Preschool Cleanup Strategies
Supporting Preschool Cleanup
We have all been there. Young children have been actively engaged in play, and as a result there is a large collection of toys strewn all over the playroom or classroom. We look at this mess and at times feel a sense of dread for the impending cleanup job. Over my years in the classroom, I have developed some strategies which help my preschool students achieve success in this important endeavor. Here is how we support preschool cleanup in our Moorestown preschool.
Support the Transition from Work to Cleanup
Imagine if you are engaged reading a book, and then suddenly somebody tells you to stop and to immediately do something different. Perhaps you would be frustrated, wanting to finish the page or the chapter. This is the emotion that children feel when adults suddenly tell them to stop working and to help with preschool clean up. Reminders about the upcoming transition help lend predictability. In addition, I call the children to a meeting between our play and cleanup. Having a meeting (we do our literacy lesson, but it really can be anything) allows a break between work time and cleaning up. This helps the children start on the cleanup job with fresh energy.
Do you always have to clean up?
Our days are full of transitions and responsibilities, during which we ask children to pause the work with which they are engaged. At home, this might mean a stop for nap or lunch. In the classroom this could be a break for one of our Specials – such as Coding or Music – or a trip to the playground. Traditionally in Early Childhood classrooms such a transition would necessitate cleaning up before moving to the next activity. I resist this idea in my classroom, and do not ask for preschool cleanup until the end of our day. This means that we leave materials out on tables and the floor while we are outside, and clean up at the end of our day together. This accomplishes two things: we do not spend more time than necessary cleaning up the classroom, and the children can build upon their ideas from one work time to another.
I also support children when they ask to leave their work standing – or “in progress” from one day to the next. There is great satisfaction in building upon ideas from day to day, and I have found that this can add to complexity in the work. Leaving work in progress happens at the children’s request and when logistics allow.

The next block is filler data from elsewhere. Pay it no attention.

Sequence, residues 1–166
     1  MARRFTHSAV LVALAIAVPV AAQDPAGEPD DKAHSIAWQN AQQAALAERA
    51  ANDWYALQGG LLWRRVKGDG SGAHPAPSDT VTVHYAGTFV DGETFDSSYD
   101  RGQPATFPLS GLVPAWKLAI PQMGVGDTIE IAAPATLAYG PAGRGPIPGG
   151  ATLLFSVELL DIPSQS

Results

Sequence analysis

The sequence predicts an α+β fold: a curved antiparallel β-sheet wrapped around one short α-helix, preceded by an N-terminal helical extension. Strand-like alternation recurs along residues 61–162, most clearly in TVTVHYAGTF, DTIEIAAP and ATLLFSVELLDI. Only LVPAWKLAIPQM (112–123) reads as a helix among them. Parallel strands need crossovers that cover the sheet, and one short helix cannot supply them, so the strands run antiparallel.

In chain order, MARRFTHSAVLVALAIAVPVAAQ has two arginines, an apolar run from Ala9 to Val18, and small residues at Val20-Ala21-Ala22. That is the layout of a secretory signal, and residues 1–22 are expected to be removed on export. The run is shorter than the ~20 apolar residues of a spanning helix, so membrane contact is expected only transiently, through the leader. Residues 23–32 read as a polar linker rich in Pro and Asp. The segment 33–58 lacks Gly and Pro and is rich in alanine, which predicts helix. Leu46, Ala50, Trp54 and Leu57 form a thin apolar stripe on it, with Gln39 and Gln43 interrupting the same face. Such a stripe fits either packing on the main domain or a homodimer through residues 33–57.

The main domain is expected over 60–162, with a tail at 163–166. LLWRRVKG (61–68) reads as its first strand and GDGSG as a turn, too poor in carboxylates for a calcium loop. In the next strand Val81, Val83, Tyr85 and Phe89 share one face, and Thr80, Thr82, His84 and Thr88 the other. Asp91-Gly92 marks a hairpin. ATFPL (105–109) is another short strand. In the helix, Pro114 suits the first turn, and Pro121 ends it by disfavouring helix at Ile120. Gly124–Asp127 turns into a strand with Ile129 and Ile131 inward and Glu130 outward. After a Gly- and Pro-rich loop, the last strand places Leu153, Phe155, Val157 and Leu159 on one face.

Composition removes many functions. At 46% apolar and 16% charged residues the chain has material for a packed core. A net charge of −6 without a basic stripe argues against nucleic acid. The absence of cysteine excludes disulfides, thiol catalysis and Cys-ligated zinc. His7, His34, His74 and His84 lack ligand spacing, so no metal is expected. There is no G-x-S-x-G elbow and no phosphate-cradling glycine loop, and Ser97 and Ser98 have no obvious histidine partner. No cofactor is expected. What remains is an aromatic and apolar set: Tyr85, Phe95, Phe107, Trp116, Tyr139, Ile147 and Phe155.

Finding responsibilities for everyone
At our planning meeting between work and cleanup, we assign jobs. Each person, including adults, has a job to do. It is important for the jobs to be specific, especially for young children. Remember that the mess looks overwhelming to them too, so instead of saying “Can you clean up the block area?” say “How about you clean up the small blocks, and I will clean up the long ones.” This makes the job more manageable. This strategy also means that people may not be cleaning up the toys that they specifically used. To me this is not problematic, so long as everyone is contributing to the job. We are all responsible for our environment, and can share in its care, even if we did not play with a specific toy. It is important that adults help as well, for they are also citizens of the preschool classroom.
Disconnect your emotion
There are days when cleanup goes slowly, the job is overwhelming, or the schedule is tight. Disconnect your emotion. If you are tense, as an adult, the cleanup will feel burdensome. Rushing children in preschool cleanup is rarely productive, and often leads to frustration for both the child and adult. Keep the expectations manageable; if it is a huge job, you are not going to finish it in two minutes, no matter how hard you work. Also, give yourself permission to change the narrative in order to get the job done. Perhaps part of the job can wait until later. Perhaps everyone needs a minute before cleaning to get geared up for the big job. Perhaps you can help by cheerfully getting the process started, or by working as a team with your preschooler.
I have found that working together and sharing in the responsibility of preschool cleanup supports children and adults as they cultivate their shared citizenship of a classroom. I bet that this can be true at home, too.
Beginnings at MFS is the Moorestown Friends School Early Childhood Program (Preschool, Prekindergarten, and Kindergarten). The Beginnings Blog is intended as a helpful tool for parents and guardians of young children, examining important ways in which children find meaning, in their lives and in their education.
Author Garrett McVaugh is the Beginnings at MFS Half-Day Preschool Teacher. Along with his Teaching Assistant Pauline Williams, he guides some of the youngest MFS students through their first year of school. A graduate of Haverford College, Garrett has been an early childhood educator for over a decade. Prior to MFS, he was a teacher at Preschool of the Arts in Madison, WI. Prior to living in Wisconsin, Garrett spent eight years teaching at St. John’s Episcopal Preschool in Washington, DC.
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